DC widow blog writer Marjorie Brimley looks at her pregnant belly as a young woman
New Perspectives

In a Hurry

Since I was a little girl, all I really wanted in this life was to be a mom.

Sure, I wanted to be other things – a world traveler and a teacher and a great hostess. But more than any of this, I wanted to be a mom. I knew what this meant – I’d need to meet someone when I was relatively young, get married, and then have kids, hopefully all before I was 30.

Thank God I met Shawn. I swear, I might have married anyone at 22. But I met him, and my life was amazingly more interesting than it would have been otherwise.

We were both in a bit of a hurry, I guess, because we got engaged when I was just 24 and married six months later. We had a plan that we made on the back of a napkin that involved us both finishing grad school in a couple of years and having our first kid by the time I was 28. Our timeline was off by a little, but otherwise, we did it. In fact, all three kids were born before I was 35. (I walked across the stage to collect my doctorate as Shawn held 10-day-old Austin. We were driven and we were in a hurry.)

When Shawn died, I found myself in a hurry yet again. At first, this meant I had to make sure we’d be financially stable and emotionally whole. I had to make sure that the heat didn’t go off in the house and I had to meet with so many lawyers and financial advisors and therapists I can’t even remember all of their faces at this point. It was dizzying. But I did it. I had to get through it to make sure we wouldn’t fall into a more disastrous place.

After the immediate aftermath of Shawn’s death, I continued to pushed to try and solve other problems in my life. Mostly, this meant I focused on my emotional state. I wanted to do everything I possibly could to “get better,” even though I didn’t know what it would mean to get better. I saw countless therapists, went to all sorts of meetings where I learned about mindfulness and EMDR and God and psychics and really anything that anyone ever suggested might be helpful. Some of it was. Most of it was not. But I wanted to get better as soon as possible, so I tried it all. (Once, I saw two different therapists in one day.)

As I was doing all this, trying to fix myself, I remember saying to a friend, “I just want to fast-forward my life.”

Yep. In a hurry. For whatever was next. I didn’t really know what this was, but I wanted to get there.

Oh, and then there were the men. I was happy when I was married, I figured, so I wanted to be married again. About a year ago, my big goal was to get married again.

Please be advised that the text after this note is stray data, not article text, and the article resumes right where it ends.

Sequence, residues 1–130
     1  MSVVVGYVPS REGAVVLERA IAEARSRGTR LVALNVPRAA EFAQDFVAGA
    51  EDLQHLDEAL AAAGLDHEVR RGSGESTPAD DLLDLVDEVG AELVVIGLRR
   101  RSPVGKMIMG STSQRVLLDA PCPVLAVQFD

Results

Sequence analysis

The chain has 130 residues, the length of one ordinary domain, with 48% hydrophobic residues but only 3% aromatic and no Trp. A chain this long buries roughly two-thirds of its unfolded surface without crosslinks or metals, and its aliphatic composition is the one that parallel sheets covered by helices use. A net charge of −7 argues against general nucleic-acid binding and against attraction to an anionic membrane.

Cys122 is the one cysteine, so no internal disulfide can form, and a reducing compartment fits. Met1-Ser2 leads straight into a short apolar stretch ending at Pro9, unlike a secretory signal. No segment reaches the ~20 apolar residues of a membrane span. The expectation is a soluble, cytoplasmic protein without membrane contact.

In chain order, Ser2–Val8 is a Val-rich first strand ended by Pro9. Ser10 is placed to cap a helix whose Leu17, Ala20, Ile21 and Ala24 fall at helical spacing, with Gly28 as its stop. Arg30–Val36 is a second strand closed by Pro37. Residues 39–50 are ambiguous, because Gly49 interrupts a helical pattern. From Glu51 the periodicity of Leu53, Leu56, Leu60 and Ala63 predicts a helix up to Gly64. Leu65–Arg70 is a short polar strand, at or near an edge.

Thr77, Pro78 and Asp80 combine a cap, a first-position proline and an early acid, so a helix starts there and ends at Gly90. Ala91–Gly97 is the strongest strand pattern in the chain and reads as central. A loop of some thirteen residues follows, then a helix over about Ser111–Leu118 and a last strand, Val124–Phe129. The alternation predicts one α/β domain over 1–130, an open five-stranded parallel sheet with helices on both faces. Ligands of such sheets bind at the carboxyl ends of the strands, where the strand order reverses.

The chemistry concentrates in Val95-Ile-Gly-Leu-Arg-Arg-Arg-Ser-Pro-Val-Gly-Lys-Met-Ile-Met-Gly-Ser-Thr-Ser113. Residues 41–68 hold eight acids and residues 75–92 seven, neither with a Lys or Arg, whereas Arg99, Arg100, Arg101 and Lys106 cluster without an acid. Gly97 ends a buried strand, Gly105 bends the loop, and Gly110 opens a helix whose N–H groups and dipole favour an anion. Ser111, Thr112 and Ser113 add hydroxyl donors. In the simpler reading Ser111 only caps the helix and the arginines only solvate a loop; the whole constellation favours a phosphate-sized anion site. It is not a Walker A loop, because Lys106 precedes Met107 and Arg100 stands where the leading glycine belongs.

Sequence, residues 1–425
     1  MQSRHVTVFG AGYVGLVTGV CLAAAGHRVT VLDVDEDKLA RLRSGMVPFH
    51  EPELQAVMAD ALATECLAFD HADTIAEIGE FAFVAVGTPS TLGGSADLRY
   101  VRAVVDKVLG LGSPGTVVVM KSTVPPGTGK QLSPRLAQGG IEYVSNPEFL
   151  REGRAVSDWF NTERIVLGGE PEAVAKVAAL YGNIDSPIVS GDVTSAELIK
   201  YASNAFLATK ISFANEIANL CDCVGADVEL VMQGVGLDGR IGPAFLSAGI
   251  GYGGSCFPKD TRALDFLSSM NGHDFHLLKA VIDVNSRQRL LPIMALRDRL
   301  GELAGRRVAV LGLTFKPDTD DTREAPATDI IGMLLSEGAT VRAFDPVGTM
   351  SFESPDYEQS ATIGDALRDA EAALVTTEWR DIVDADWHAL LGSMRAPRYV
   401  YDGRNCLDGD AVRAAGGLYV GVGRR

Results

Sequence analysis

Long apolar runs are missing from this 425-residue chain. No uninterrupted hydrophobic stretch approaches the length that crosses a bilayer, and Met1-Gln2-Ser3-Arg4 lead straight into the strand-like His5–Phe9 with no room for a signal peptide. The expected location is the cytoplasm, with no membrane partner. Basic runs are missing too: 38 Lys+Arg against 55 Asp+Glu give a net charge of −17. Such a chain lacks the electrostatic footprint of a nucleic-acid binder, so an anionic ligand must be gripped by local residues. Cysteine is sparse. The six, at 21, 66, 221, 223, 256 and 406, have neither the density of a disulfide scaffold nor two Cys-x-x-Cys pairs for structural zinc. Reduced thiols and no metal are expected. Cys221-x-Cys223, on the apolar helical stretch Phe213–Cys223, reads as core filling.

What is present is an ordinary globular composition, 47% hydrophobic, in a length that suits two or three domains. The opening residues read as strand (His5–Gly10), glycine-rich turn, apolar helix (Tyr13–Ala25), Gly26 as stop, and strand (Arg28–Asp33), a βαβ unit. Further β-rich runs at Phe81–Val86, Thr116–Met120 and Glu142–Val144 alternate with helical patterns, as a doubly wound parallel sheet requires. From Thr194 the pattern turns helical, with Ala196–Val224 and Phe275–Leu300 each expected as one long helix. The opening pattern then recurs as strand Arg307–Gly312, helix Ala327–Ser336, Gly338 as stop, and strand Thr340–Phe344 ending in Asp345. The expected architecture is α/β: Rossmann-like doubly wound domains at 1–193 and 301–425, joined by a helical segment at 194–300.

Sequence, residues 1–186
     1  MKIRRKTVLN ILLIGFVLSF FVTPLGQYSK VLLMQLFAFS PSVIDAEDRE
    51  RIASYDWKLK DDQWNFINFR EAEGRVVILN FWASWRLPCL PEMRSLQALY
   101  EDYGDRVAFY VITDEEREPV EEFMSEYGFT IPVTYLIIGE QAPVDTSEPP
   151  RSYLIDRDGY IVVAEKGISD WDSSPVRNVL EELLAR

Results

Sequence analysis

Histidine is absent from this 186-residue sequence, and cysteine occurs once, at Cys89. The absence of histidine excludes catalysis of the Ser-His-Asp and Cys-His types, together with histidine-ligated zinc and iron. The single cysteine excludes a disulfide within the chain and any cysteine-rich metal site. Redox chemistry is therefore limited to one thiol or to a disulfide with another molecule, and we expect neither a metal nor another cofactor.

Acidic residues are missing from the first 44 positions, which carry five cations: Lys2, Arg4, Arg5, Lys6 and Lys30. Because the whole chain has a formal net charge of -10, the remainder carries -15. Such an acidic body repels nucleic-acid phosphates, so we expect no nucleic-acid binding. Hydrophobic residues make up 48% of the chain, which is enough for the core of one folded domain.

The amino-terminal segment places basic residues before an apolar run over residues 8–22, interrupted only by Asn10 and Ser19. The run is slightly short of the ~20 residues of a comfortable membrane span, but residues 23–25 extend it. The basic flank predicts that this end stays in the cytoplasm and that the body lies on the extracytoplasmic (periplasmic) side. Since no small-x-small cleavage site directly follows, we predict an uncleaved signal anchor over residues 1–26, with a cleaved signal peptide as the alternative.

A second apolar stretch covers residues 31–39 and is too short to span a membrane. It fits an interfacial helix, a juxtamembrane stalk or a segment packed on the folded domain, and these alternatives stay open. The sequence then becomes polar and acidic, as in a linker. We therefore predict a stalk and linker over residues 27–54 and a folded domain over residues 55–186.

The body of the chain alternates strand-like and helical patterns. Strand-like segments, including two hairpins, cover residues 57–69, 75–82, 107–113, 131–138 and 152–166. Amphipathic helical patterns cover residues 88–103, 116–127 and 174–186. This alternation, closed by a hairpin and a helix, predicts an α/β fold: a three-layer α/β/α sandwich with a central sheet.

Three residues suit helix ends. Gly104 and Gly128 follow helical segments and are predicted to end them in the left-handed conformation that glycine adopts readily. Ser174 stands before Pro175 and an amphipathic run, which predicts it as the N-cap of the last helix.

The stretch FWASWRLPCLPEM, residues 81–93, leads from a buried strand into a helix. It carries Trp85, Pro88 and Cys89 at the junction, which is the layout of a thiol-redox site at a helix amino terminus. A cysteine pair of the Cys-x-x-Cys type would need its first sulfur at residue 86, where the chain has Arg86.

It was disastrous. I clung to men who showed the least bit of interest with me, and I pinned my hopes on men who broke my heart. I was in a hurry to find a man to be my counterpart. Not to be too dramatic about it, but I was in a hurry to find a replacement for Shawn.

And, of course, that didn’t happen. Instead, it made me feel worse.

I’m not saying that I shouldn’t have dated. I’m also not saying I shouldn’t have seen therapists or decided on a financial plan in those early days. All of these things were fine to do. They were probably good for me.

What was problematic for me was the speed at which I was trying to do all of this. Like many of my generation, I wanted things to be done at warp speed. I wanted to snap my fingers and fix things and then be happy again.

But of course, it’s a process.

I was talking to my friend Becky the other day about how I’d decided not to go to a conference, but rather to stay home and enjoy the Halloween weekend with my kids. I told her that I was trying to slow down and just live my life, rather than constantly do all sorts of things for my career and emotional state and love life.

She pointed out that for almost two years, I haven’t stopped moving. “In a way, doesn’t it feel like progress that you can decide to slow down?”

“It does,” I said. “It does for sure.”

To be fair, I’ve had a hard time slowing down. I’ve taken just two weekend days off this fall to simply hang out with my family and I still am pressing forward with my writing. I get up religiously at 5:30 everyday and I run every morning. I’m not a very chill person, really.

But. I have started to relax a bit about “getting better” and finding a new partner. And this month, I’ve set my book writing aside, trying to figure out the best next step, rather than just forging ahead.

Instead, I took a few afternoons last week just to ride bikes around the neighborhood with the kids. I reopened my Hulu account and am finishing a series I really like. I flirted with a man at the coffee shop and I didn’t try and follow up with him when he was leaving.

It’s not perfect. But I’m trying to slow down. Not just in how I spend my days, but also in how I think about the future.